Florists’ Transworld Delivery Companies (FTD)

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October 31, 2014

Company Background:

FTD Companies is a floral and gifting company. The company is best known for the FTD Network through which consumers can order flowers at their local floral shop for delivery to the recipient in another city. The local florist takes the order, collects payment, and transmits the order over the FTD Network to a florist in the recipient’s city who delivers the flowers. The FTD Network is an attractive asset-light business with a network effect giving FTD a defensible competitive advantage.

FTD went public in November 2013 when the company was spun-off from United Online. This is the third-time that FTD has been a public company. In 1994, FTD was demutualized by Perry Capital and was publicly traded. In 2004, the private equity firm, Leonard Green, took FTD private. FTD held another IPO in 2005. In 2008, United Online acquired FTD. This history shows that the high-margin stable nature of the FTD network is attractive to private-equity buyers.

In July 2014, FTD announced an interesting transaction that we believe improves the FTD investment case immensely. FTD announced that it was acquiring Provide Commerce from Liberty Media. Provide owns many different flower and gift brands, but the most significant is ProFlowers. Of course Liberty is controlled by cable TV mogul John Malone. Malone has a long history of value enhancing deal making. In the FTD/Provide deal, Liberty will retain a 35% stake in the combined company and get 4 board seats.

We built a position in FTD shortly after the announcement of the Provide Commerce acquisition.

Investment Thesis:

  1. Asset-light business: FTD benefits from owning the network, so it doesn’t have to own the physical assets of florist shops. This creates an asset-light business model with high free cash flow because there is limited need for capital reinvestment.
  2. High Free Cash Flow: In addition to being a good cash flow business, FTD’s free cash flow is even higher than its earnings due to the acquisition amortization charges resulting from the United Online purchase of FTD in 2008. Most of the amortization will finish in 2014, so 2015 earnings per share will be closer to the actual free cash flow of the company.
  3. Stable competitive position: FTD’s business has been in existence for over 100 years. The network of small florist shops benefit from their association with FTD. They receive more orders for local delivery and they are able to capture some of the economies of orders placed with them.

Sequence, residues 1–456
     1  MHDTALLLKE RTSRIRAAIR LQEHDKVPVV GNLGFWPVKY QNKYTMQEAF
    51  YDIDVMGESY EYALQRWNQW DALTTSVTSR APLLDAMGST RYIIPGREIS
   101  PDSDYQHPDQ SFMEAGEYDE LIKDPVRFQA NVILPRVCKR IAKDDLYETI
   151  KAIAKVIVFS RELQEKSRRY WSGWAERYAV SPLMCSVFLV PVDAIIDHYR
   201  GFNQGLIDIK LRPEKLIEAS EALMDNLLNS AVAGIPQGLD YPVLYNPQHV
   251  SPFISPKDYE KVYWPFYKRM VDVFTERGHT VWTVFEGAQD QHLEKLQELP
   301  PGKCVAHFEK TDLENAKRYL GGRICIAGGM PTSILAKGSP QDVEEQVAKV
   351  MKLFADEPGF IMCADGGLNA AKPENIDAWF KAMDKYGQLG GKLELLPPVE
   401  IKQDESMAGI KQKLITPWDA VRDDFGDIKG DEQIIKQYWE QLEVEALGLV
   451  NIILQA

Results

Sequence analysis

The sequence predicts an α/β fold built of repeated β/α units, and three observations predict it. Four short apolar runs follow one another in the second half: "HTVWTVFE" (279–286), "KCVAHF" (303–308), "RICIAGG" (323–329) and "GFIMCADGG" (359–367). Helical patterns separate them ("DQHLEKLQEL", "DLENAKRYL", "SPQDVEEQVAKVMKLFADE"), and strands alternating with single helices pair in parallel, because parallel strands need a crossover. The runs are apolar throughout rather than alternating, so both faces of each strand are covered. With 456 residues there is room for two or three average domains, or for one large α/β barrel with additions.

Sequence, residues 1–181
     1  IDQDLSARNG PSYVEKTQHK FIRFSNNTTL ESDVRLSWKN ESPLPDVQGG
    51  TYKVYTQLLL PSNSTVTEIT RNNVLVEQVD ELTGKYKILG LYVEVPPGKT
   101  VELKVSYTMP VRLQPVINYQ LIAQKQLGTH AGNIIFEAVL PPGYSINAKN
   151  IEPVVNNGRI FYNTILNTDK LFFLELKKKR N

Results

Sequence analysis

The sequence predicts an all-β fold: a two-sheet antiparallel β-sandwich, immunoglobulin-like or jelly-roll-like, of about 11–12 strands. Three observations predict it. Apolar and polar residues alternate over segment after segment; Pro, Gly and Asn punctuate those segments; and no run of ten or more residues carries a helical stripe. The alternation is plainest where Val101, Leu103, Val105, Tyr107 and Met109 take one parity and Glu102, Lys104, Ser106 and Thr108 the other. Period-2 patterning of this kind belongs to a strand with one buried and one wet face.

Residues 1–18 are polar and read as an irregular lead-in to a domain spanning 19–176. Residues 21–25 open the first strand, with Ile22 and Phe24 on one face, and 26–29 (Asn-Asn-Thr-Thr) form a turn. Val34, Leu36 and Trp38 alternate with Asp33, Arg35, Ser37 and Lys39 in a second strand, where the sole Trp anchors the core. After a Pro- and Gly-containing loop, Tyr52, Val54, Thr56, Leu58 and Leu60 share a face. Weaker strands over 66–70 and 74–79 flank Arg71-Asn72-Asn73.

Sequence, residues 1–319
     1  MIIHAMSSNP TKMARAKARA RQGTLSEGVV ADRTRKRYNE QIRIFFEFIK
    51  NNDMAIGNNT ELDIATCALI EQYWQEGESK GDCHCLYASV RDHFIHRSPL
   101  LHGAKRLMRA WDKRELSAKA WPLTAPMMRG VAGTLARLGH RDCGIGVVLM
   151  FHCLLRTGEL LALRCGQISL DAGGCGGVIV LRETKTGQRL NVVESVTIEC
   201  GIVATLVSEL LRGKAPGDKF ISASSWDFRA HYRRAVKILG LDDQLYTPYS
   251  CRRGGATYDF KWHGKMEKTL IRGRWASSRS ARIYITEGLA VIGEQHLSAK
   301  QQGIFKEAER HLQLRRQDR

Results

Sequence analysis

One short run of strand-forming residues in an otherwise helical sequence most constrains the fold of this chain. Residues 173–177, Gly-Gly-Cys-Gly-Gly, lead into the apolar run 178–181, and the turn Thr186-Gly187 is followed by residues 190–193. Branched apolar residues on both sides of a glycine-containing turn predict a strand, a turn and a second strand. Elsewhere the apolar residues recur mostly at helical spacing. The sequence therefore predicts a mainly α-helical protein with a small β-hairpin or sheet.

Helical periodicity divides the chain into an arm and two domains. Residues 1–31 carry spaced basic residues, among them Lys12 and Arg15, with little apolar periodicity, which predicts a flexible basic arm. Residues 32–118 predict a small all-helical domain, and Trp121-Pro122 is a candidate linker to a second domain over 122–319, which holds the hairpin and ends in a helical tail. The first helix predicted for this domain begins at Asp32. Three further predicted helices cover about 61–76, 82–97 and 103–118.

4. Beneficiary of consumers ordering flowers on the web: As consumers order through the web, FTD benefits by capturing its fair share of these web orders. The power of its brand generates a reasonable amount of organic web traffic. FTD captures a higher profit per order when the consumer places the order directly on the FTD website.
  5. Transaction with John Malone controlled – Provide Commerce is a Catalyst a. Synergies: FTD will be able to shift ProFlowers’s same-day flower orders onto its network and will earn the transaction fees that are currently paid to a competitor. ProFlowers overnight distribution capability will allow FTD to internalize a portion of its order flow. FTD and ProFlowers will also be able consolidate some management and website costs.

    b. Reasonable valuation: Including synergies, FTD is paying about 7.5x Provide Commerce’s EBITDA. We believe this is an attractive price.

    c. Malone presence adds value: With Malone’s ownership and control of 4 board seats, we believe FTD will be less likely to make a bad acquisition. Also, we expect the company’s cash flow to be used for stock repurchases.

  6. Underleveraged balance sheet: FTD has a stable cash flow business. In fact, when it was taken private by Leonard Green in 2005, FTD had a debt-to-EBITDA ratio greater than 4x on its balance sheet. After the Provide Commerce transaction closes, FTD will have a ratio of just 2.4x debt-to-EBITDA on its balance sheet.
  7. Under-followed small cap: FTD is under-followed by Wall Street. No major brokerage firms publish research on the company. With just a $600 million market cap and coming public through a non-promoted spin-off, the stock does not have sponsorship from Wall Street. This lack of sponsorship means the company is more likely to be improperly valued by the market.

Investment Risks:

  1. Low-growth segment: The floral industry is a slow growth industry. Industry growth over the past five years has been low single digits.
  2. Grocery stores and big box retailers taking market share: Grocery stores are taking share from florist shops. Grocers tend to have lower prices and more self-service flower options.
  3. Small florist shops closing: The number of florist shops are closing at about a 2% annual rate. FTD benefits from a fragmented industry with more participants. .

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